Research School Network: Conversations Matter Sarah Stock, Director of Newcastle Research school shares her insights on the use of the ShREC model.


Conversations Matter

Sarah Stock, Director of Newcastle Research school shares her insights on the use of the ShREC model.

by Newcastle Research School
on the

It is well documented in research evidence that language development in the early years is linked to other cognitive domains and later educational attainment. For children who have barriers within communication and language it can impact on learning as well as behaviour, social and emotional development.
The EEF Early Years Toolkit highlights that using communication and language approaches can impact positively on children with up to 7+ months progress. Communication and language approaches involve intentionally acting to develop young children’s understanding of language and their ability and confidence to use language, and other strategies, to communicate effectively.

In our schools we recognise the different needs of our children. Within our Early Years settings, the environment, both physical and emotional is crucial, and is highlighted in the in EEF’s SEND in Mainstream Primary School Guidance Report ( Recommendation 1 within this guidance report outlines the need to create a positive and supportive environment for all pupils, without exception. This recommendation focus’ on how it is crucial to hone our efforts on developing and promoting positive relationships. Many studies highlight that attending to children’s social and emotional well-being has positive effects in promoting language and communication.

ShREC Model
ShREC Model

As a trust, we have developed our approach to language and communication using the EEF’s ShREC model which provides a simple and memorable set of specific evidence- informed strategies that can be embedded into everyday practice.

Jake entered nursery in September with identified communication barriers and was at times overwhelmed by the environment flitting between different areas and activities. It took time for him to feel familiar in his new surroundings and engage in self-directed play for a few moments. Early years practitioners recognised this and time was spent focusing on the Sh’ part of the model with Jake where he was comfortable with an adult nearby. Overtime this developed where the adult could play alongside and then with Jake.

For some children it was essential that we put in this time to develop these key relationships. We reflected on this approach with Jake and for our pupils with SEND and used the ShREC framework with a clear focus on establishing and developing relationships.

ShREC Model

Share attention

Establishing a warm rapport with children ensuring that you have open body language, at the child’s level and being present in the moment and interested in what they are doing.

Connect It is essential to connect with the child to develop and build that rapport.

Engage Ensure you have joint engagement which shows you value what they are doing and have a shared interest.

Mirror Observe closely to notice signs of engagement and tiny moments of joint engagement tuning in through responses from the child


Follow the child’s lead making an attuned response through noticing how the child communicates and acknowledge this.

For some children where you are placed can make a difference. We have started to position ourselves next to the child as opposed to face to face which can feel more intrusive and uncomfortable.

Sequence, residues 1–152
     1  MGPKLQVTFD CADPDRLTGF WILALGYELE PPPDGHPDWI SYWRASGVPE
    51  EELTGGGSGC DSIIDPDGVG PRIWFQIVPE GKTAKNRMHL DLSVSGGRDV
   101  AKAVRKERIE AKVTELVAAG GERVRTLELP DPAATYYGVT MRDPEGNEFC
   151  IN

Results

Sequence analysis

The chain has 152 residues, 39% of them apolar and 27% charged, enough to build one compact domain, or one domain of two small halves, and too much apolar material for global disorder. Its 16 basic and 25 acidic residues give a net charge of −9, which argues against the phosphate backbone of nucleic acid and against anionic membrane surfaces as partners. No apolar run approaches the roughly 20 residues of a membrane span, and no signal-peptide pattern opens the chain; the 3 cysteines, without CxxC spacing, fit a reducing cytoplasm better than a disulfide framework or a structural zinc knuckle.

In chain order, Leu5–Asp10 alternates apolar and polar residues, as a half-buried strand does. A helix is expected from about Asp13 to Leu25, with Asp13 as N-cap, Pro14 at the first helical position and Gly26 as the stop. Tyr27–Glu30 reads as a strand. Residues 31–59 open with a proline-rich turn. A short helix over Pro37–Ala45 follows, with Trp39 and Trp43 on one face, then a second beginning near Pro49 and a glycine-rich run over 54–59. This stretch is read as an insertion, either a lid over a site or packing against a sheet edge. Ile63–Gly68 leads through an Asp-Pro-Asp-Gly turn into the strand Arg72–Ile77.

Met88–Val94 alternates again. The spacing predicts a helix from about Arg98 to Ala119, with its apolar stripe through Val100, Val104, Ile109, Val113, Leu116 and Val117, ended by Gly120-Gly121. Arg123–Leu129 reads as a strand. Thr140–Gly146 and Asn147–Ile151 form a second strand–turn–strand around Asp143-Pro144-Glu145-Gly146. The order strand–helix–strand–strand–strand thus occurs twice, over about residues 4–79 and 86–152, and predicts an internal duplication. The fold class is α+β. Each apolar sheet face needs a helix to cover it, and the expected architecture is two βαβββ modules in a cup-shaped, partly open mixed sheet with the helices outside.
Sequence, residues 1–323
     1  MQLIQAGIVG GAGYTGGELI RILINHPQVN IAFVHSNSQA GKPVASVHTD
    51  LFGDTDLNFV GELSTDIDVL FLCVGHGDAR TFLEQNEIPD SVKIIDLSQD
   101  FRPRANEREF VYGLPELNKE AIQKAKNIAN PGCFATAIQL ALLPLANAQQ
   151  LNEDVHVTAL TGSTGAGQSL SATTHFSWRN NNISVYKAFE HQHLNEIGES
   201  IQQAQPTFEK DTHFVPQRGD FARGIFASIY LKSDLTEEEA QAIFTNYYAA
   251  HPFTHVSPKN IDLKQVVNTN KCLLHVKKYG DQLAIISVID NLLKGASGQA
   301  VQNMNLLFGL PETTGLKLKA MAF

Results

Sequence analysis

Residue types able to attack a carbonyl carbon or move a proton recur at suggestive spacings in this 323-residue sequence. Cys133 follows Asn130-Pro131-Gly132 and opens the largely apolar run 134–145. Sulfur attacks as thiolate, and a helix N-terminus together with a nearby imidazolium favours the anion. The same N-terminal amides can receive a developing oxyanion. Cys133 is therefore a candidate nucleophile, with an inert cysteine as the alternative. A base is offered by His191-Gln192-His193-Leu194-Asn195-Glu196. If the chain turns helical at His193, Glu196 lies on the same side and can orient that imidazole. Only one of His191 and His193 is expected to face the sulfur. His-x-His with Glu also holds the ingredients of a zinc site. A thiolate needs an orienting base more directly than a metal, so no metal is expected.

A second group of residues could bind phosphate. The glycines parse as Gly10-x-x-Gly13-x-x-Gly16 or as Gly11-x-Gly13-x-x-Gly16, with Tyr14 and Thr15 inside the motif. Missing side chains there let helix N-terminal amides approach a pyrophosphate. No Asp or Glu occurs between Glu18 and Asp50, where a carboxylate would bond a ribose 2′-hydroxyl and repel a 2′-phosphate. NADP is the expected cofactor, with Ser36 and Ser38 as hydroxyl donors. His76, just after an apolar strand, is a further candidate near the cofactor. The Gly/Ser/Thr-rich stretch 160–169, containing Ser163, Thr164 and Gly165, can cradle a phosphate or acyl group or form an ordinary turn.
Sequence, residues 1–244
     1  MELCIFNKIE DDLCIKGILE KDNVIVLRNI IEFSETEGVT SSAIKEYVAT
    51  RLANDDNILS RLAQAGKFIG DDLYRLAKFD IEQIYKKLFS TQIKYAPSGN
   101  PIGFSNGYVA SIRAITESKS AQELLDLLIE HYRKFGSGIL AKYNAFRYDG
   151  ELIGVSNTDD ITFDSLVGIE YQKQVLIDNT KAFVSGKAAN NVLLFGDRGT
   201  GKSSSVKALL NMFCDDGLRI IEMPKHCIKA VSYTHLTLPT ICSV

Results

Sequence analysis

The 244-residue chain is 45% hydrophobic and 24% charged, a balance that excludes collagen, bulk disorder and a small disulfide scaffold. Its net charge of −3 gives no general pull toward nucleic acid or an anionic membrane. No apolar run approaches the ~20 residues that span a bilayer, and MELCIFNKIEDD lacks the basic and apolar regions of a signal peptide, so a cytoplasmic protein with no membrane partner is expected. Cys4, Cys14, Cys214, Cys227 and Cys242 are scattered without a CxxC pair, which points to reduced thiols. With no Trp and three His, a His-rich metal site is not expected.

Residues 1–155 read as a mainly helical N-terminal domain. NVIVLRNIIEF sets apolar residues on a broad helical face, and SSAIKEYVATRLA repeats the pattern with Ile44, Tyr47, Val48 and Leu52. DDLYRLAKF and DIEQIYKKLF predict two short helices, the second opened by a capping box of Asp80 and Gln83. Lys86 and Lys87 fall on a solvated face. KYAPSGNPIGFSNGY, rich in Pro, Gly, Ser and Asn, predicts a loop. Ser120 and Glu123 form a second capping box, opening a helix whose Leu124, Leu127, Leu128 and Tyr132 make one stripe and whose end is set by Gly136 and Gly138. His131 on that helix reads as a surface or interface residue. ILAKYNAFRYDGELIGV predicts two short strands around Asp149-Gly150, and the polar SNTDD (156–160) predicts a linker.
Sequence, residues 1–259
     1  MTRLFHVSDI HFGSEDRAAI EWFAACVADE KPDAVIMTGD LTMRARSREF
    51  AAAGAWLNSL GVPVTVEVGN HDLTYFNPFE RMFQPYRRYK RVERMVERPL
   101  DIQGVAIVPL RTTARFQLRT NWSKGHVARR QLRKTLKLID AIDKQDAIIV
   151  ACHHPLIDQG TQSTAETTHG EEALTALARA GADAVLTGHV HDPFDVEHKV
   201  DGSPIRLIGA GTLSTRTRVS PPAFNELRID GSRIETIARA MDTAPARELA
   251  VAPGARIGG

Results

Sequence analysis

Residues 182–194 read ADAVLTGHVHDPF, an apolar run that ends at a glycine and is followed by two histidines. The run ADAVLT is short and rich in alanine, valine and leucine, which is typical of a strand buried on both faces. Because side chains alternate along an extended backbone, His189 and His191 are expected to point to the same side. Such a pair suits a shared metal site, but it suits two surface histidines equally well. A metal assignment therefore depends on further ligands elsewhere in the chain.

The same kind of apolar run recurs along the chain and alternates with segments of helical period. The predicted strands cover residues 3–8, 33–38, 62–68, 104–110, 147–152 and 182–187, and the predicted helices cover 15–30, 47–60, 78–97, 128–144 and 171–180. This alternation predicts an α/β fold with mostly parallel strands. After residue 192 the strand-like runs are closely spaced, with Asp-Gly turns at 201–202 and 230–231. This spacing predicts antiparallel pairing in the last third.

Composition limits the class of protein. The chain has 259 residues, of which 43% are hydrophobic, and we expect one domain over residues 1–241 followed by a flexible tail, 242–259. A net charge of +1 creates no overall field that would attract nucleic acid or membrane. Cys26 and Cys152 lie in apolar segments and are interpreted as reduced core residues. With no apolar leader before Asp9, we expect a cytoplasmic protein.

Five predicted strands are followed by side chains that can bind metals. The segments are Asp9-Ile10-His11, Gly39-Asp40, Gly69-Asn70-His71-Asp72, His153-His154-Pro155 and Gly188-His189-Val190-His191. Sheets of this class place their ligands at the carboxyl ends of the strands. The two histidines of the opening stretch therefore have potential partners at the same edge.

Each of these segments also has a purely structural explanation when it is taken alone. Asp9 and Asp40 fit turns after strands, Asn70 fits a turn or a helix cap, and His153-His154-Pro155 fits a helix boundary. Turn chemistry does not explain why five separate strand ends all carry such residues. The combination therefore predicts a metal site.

Respond with a brief comment and use your body language to reaffirm by smiling, nodding and through eye contact. It could be here that non-lexical words are used e.g. oh, uh-huh.

Notice and make a brief supportive comment about what the child is doing, this could be narrating the child’s play, noticing what they are doing being in the moment and present.


It is important to know your children well and their stage of language development and so consider using contextualized talk focusing on the here and now. At this stage modelling and scaffolding begin and adult should pitch their language just above the level of the child. The adult should continue to follow the child’s lead.

Child: my shell

Adult: your shell …it is a bumpy shell

To support children further you can use gestures where appropriate e.g. rubbing your finger along shell and encouraging the child to feel the bumpy texture.

It may also be appropriate to support with hand over hand or sign bumpy.

You can consider the use of pictorial cues to support as a stepping stone to expand the conversation.


Overtime this develops into a conversational turn through using prompts, comments, recapping, extending.

It is important to allow an increased amount of time for the child to respond. At times they may respond with non ‑verbal gestures and as a adult it is important to make sure to pause.

Child: my shell

Adult: it is a bumpy shell

Child and Adult hand over hand runs finger along bumpy’ shell

Adult: that’s right … a bumpy shell

Adults should be explicit and model and repeat language to give children the opportunity to hear it again.

It is important to note that questions can be useful in helping children to cue turn-taking in conversations. However, practitioners should consider how to use questions so they extend conversational turns.​‘Wh’ and open questions are the most useful as they invite children to elaborate rather that a one word response. As children’s conversational skills develop, adults can sensitively challenge children, shaping the conversation to incorporate more abstract topics that are removed from the here and now.

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